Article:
Dara: It’s a matter of updating.
Rena: Yeah. And I think it's similar to adding, you know, the gender pronoun. That's hopefully just letting people own who they are and be more comfortable with who they are instead of sitting there, you know, staring blankly like this doesn't fit me. I don't know what to do. There's no box that works for me. So I love that.
Lori Metz: I know I was talking to this mom and her kid was filling out an application for college and he came over. He's like, yeah, you're still excited when you're filling out your college applications. It may not have phased him, honestly, but he had to put in other and she said, what should I write? And she said, just write other adopted. He’s got two loving parents who are crazy about him. Why couldn't he just check off adopted and then there’d be a non-issue there
Rena: I love that you're doing. What an important initiative that I think will hopefully help people just feel so much better. You know, I think people that are conceived via donor, nothing to hide. And so that will hopefully help to normalize it and to paint a more comprehensive picture of somebody.
Lori Metz: Absolutely. I really, I really...I have the chills repeat it back. Cause I do believe that. We have a petition - just give a little plug petition - it’s on change.org it’s on on normalizing third party reproduction and adoption. And it's also on my Instagram link page or is that the LinkedIn on Instagram? It's also on that. And so the goal here is to get enough signatures and bring it to, and then have people follow up in terms of maybe letter writing and just grass roots, telling the doctors, start to say, why don't you add this to the form? Let's have this conversation and let's just try and get this started. So the book and this initiative kind of came out of my practice because the goal here is for people to have questions answered and to feel good about themselves and to feel good about how they conceived their child and how that child is conceived and how that child is raised.
Dara: It's wonderful that you're listening to your patients and trying to help them meet their needs.
Lori Metz: You do the same thing. I mean, I know you do. I know both of you do because I know the two of you. We have to listen. I feel very lucky to be able to have been able to take these steps in response to what they're presenting.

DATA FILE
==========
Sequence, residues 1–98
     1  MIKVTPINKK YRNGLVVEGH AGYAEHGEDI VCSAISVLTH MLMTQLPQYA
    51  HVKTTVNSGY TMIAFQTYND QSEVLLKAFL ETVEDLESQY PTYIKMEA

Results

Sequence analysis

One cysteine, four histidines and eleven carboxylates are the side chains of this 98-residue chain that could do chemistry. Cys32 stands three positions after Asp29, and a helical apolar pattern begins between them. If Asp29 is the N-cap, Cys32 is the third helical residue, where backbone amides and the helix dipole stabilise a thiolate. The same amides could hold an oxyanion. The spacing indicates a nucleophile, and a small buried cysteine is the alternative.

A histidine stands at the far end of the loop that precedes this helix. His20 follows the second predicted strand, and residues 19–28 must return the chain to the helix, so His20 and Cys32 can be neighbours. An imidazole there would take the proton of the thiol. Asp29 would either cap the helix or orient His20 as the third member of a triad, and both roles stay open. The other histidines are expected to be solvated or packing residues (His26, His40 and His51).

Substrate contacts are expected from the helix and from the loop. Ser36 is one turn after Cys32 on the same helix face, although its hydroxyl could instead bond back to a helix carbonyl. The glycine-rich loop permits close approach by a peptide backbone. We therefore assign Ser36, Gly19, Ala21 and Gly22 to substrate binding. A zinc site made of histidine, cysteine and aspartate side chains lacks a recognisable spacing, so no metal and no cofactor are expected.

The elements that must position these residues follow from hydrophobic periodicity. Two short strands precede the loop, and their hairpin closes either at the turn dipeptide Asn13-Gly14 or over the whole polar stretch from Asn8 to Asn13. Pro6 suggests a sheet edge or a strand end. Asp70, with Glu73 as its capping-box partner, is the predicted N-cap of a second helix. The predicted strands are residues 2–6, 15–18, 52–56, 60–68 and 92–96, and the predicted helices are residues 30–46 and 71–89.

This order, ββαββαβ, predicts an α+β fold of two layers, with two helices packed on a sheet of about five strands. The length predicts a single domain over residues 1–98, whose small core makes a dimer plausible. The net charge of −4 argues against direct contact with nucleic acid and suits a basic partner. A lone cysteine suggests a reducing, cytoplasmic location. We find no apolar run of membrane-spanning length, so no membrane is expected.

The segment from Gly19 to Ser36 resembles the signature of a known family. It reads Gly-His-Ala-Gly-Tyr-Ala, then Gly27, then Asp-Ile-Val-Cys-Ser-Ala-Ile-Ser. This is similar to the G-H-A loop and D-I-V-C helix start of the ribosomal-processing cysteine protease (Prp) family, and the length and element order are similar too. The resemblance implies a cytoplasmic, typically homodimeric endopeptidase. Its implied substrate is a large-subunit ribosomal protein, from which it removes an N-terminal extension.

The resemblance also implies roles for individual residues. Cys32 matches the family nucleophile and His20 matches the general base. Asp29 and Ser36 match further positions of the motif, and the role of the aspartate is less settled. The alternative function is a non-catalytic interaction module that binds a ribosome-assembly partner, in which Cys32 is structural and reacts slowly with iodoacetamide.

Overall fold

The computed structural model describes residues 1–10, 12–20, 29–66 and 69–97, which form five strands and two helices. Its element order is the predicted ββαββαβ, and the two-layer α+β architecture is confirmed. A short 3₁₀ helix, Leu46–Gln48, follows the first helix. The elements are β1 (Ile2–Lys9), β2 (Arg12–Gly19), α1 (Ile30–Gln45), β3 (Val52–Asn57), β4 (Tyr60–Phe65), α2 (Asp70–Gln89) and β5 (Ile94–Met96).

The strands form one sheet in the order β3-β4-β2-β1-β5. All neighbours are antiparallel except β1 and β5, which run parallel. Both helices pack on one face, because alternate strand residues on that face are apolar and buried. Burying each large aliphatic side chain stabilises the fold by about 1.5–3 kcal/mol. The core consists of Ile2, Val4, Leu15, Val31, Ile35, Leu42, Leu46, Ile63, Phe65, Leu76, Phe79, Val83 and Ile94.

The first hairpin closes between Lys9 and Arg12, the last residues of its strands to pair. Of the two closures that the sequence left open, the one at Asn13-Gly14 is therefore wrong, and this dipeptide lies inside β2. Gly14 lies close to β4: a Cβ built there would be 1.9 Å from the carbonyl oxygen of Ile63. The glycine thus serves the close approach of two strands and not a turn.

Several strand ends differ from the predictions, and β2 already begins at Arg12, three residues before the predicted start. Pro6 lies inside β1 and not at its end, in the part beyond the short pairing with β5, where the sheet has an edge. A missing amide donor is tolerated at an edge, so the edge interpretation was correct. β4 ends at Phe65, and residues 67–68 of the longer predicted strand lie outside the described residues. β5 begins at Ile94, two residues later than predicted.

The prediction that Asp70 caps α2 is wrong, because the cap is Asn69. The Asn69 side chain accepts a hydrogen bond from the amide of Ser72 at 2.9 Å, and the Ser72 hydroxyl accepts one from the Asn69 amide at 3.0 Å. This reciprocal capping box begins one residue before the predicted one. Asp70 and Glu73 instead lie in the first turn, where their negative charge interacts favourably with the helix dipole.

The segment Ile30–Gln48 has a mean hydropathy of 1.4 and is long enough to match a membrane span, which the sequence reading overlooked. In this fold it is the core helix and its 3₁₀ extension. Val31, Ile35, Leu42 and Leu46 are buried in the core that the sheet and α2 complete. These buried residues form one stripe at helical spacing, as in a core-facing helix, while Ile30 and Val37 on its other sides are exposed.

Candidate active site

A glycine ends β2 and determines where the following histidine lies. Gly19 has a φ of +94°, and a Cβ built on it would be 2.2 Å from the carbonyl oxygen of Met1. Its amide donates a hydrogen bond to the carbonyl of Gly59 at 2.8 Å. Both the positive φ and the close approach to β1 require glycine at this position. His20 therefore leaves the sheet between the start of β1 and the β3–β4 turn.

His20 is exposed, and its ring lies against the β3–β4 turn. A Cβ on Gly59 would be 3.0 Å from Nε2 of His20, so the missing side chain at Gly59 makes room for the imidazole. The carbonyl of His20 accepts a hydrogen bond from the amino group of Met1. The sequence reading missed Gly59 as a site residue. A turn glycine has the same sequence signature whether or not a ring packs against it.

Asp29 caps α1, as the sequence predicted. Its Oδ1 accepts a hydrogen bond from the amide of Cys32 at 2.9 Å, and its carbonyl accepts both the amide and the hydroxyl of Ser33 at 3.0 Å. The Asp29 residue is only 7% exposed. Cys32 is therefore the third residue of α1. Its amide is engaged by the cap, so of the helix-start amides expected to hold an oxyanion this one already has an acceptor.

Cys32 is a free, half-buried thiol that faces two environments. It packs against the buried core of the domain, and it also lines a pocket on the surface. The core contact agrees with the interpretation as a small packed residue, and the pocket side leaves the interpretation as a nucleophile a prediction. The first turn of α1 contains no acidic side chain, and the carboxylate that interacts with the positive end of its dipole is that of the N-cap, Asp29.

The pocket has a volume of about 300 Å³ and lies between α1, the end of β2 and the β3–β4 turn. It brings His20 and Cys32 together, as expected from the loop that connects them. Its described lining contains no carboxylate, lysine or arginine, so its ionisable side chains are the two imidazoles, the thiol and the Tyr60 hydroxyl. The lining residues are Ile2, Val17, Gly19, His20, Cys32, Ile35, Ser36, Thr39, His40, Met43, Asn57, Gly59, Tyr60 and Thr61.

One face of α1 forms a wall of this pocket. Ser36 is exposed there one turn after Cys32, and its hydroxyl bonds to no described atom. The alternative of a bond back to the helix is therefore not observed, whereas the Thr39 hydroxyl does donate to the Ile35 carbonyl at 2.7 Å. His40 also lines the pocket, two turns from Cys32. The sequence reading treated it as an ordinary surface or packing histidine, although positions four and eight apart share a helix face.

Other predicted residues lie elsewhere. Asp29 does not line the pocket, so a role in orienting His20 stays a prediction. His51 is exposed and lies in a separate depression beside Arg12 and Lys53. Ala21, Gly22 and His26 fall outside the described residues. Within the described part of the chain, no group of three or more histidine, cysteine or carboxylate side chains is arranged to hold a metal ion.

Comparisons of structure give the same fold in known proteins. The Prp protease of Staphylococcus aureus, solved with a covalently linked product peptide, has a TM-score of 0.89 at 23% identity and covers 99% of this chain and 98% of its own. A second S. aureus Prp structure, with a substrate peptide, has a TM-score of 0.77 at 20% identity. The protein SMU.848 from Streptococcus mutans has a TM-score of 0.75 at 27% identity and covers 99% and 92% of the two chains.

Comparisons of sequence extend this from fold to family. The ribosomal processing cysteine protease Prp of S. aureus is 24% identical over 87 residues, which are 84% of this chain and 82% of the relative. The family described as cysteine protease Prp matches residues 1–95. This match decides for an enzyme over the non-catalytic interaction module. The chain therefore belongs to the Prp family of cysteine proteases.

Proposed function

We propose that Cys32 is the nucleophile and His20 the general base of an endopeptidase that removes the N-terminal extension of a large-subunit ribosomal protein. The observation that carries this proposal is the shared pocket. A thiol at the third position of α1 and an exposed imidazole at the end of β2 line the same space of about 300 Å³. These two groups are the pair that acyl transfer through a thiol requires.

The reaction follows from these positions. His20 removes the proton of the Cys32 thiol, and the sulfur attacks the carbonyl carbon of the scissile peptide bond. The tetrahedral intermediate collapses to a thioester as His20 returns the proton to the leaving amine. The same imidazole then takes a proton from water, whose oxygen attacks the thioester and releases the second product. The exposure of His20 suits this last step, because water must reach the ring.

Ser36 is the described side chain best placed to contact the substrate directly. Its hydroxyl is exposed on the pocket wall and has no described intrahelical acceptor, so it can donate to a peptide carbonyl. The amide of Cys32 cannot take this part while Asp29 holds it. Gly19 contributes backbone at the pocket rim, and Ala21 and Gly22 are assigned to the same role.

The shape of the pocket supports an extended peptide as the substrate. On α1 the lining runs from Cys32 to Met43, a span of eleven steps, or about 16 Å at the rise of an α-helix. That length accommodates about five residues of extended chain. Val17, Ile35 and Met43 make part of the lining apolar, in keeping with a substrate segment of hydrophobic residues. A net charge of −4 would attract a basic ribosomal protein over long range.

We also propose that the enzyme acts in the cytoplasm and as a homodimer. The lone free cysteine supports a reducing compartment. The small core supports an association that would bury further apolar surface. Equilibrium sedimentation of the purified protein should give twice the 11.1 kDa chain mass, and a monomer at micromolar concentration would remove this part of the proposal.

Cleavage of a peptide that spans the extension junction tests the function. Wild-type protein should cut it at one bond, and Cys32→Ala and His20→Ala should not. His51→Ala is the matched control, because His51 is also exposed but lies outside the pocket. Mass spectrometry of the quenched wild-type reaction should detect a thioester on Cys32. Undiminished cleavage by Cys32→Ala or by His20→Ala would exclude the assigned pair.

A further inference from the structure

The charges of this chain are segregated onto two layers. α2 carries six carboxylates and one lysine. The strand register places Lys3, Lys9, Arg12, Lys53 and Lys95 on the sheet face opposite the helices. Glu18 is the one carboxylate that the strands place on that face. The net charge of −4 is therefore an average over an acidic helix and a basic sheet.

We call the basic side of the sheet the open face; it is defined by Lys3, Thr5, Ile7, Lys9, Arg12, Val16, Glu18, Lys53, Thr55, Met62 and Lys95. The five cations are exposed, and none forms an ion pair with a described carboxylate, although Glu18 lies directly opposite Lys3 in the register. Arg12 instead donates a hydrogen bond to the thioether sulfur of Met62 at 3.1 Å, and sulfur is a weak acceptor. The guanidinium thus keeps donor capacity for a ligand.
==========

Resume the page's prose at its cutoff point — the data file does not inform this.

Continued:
Rena: I love that. I feel like later in life, I heard the term fitting out instead of fitting in. And it wasn't until really, you know, my thirties, I realized like I don't really fit in. I fit out and I was able to fully embrace that, raising my daughter. I just, I never want her to feel how I felt like never really fitting in and on the fringe, whatever, however that impacted me. So I hope that adding this stuff to forms will help people embrace fitting out. You know, there's no one size fits all for humans. We're all different and unique and individual and that's what makes us beautiful. And to make people fit into boxes I think it's so limiting. So I just love that you're doing that. And hopefully this will really help people be able to embrace being unique and different and be proud of that.
Lori Metz: Right, and just to carry it a step further. And I'm sorry that you felt that way growing up, nobody deserves to feel that way because it's, it's not a comfortable feeling. What I'm hoping is that we don't look at it as not normal. We just look at it as another.
Rena: It just is. That's my story.
Dara: And also it's brought you to where you are today and that’s such a gift in itself.
Rena: And Lori you’re such a therapist to say I’m sorry but you know what? I’m not sorry. I wouldn’t change anything. It made me who I am so thank you but I’m not sorry. It’s totally made me who I am.
Lori Metz: Yeah I think everybody's journey is really great. Sometimes we need a little perspective to see that I said that.
Dara: Pause and perspective.